The island of Newfoundland is a geological relic of a great continental collision. According to playwrights Irene Sankoff and David Hein, who researched the area and population of the country to prepare the script for Come From Away, "pieces of Africa and Europe" formed the island before drifting off to their current locations.
Fast forward. Millions of years later, members of al-Qaeda crash planes into the World Trade Center, the Pentagon, and a field near Shanksville, Pennsylvania. In response, the U.S. closes its airspace and diverts 38 planes to the airport near Gander, Newfoundland. There, like the continents that came before them, 7,000 people from all over the world converge on a town of 7,000 Newfies.
What happens when these kind island-people who live in the poorest province in Canada realize that they have to play host to a bunch of irritated and scared and stranded "plane people" who nearly outnumber them? They help. Instantly, food comes off the store shelves, the hockey rink becomes cold storage, and every home's a hotel. An indicative line, given by an actor playing a clerk: "Thank you for shopping at Wal-Mart. Would you like to come back to my house for a shower?"
This is the strong, uplifting premise of Come From Away, a musical running now at the Seattle Rep. Normally, I'm a stone when it comes to musicals. Their joyful swells break against me, but I do not budge. And, indeed, for the first five minutes of this show, in which there is an alarming amount of Chucky Cheeseball hokey-pokey hand-jiving, I thought I was in for it. But by minute six or seven, I was smiling at all the small town charm and rooting for the spirit these people projected.
In 2011, Sankoff and Hein, the playwrights I mentioned earlier, travelled up to Gander for the 10th year anniversary of 9/11 and the arrival of the plane people. They conducted long interviews, did research, walked around town, and spent months weaving quotes together and punctuating them with pretty standard jovial, despairing, and hopeful numbers inspired by the Irish-sounding music of the area.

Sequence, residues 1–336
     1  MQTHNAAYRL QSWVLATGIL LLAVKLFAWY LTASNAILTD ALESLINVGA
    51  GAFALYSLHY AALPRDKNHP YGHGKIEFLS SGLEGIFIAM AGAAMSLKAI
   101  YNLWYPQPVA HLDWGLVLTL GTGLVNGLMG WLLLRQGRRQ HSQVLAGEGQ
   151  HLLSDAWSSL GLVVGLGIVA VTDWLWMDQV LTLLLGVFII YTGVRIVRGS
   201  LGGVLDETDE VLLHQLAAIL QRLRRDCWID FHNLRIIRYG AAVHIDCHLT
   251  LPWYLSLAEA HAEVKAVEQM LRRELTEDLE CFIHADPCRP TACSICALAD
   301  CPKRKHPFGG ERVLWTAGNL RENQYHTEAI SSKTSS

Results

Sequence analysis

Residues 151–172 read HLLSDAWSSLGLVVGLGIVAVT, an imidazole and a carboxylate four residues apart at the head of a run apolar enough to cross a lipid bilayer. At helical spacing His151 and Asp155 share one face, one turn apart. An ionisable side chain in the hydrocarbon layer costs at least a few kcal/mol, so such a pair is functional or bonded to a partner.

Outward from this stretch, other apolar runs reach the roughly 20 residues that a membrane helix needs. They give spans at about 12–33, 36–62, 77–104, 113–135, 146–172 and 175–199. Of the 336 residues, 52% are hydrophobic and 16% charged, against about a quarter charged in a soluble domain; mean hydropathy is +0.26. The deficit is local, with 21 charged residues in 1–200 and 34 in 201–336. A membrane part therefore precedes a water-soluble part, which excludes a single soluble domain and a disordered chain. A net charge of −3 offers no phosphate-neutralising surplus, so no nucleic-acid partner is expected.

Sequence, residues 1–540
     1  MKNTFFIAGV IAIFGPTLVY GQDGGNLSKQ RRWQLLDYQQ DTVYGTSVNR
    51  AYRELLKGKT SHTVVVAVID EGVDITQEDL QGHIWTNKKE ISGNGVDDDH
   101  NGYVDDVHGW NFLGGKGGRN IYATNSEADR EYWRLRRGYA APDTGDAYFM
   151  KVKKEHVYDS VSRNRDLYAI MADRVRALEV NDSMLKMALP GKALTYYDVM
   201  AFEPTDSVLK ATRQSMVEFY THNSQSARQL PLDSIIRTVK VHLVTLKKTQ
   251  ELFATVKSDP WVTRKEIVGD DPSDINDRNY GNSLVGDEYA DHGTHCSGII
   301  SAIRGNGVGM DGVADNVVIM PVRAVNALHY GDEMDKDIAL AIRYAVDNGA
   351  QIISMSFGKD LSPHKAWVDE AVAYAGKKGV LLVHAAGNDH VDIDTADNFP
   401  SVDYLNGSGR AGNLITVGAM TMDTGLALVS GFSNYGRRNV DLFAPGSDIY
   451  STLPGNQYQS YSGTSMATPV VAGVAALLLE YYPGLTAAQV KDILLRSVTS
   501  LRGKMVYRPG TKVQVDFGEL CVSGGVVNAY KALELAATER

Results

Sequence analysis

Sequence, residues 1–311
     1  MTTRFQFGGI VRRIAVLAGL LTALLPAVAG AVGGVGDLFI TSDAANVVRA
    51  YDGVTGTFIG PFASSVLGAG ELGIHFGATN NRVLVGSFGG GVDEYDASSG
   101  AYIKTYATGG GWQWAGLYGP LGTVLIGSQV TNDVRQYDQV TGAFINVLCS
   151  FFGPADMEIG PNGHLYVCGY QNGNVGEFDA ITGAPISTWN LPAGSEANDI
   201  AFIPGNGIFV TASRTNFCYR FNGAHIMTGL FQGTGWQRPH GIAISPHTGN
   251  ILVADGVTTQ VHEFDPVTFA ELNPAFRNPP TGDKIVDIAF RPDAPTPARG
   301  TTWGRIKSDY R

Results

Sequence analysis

The show that resulted from this process feels more like a musical version of a piece of longform journalism that might have run in The New Yorker. We're introduced to several different characters, among them the first woman pilot to fly for American Airlines, a gay couple nervous about outing themselves, a master chef who happens to be an Egyptian muslim, a young black dude who's understandably skeptical about this whole situation, a lonely British man, and a divorcee from Houston.
The lives and fates of these characters interweave in adorable and meaningful ways as townies rush around in an attempt to feed and clothe everybody. The actors play the roles of the plane people and the Newfies, which emphasizes the show's primary theme: do unto others, because the prince can easily become the pauper.
Jenn Colella's portrayal of Beverly, the first woman ever to fly for AA, was especially compelling. On 9/11, terrorists transformed airplanes—a symbol of hard-won achievement and freedom for a pilot—into bombs. Watching Beverly think about those implications was moving, and it made me think about the way that day affected other kinds of people. How did 9/11 change architects? How did it change city planners?
At the performance I attended, a few "plane people" were actually in the audience. It turned out that I was sitting behind Nick and Diane, the lonely old British guy and the Houstonian divorcee, respectively. Their courtship involved cod kissing, a drunken marriage proposal, a romantic moment overlooking a geographical wonder called the Dover Fault, and a wise-cracking flight attendant. Since I was close to them, I did my journalistic duty and spoke with them in the lobby after the show.
Nick and Diane married shortly after their surprise week in Newfoundland. I asked Nick if the people of Gander were really as nice as they seemed in the play. "They were nicer," he said. "You cannot believe how accommodating and helpful."
The couple confirmed the accuracy of the play with regard to their relationship. They really did kiss that fish in the bar and they really did take those photos at Dover Fault and the flight attendant really did say that funny thing she said and love is real. Human beings can be very good to each other, at least for five days, and maybe even for several days afterwards. Diane said she bought new computer equipment for their hosts as partial repayment for the kindness shown to them. Other plane people send back gifts and money when they can, too.
Get your tickets to this thing while you still can. I just got word that Come From Away has broken the Rep's all-time record for single ticket sales in a 24-hour period.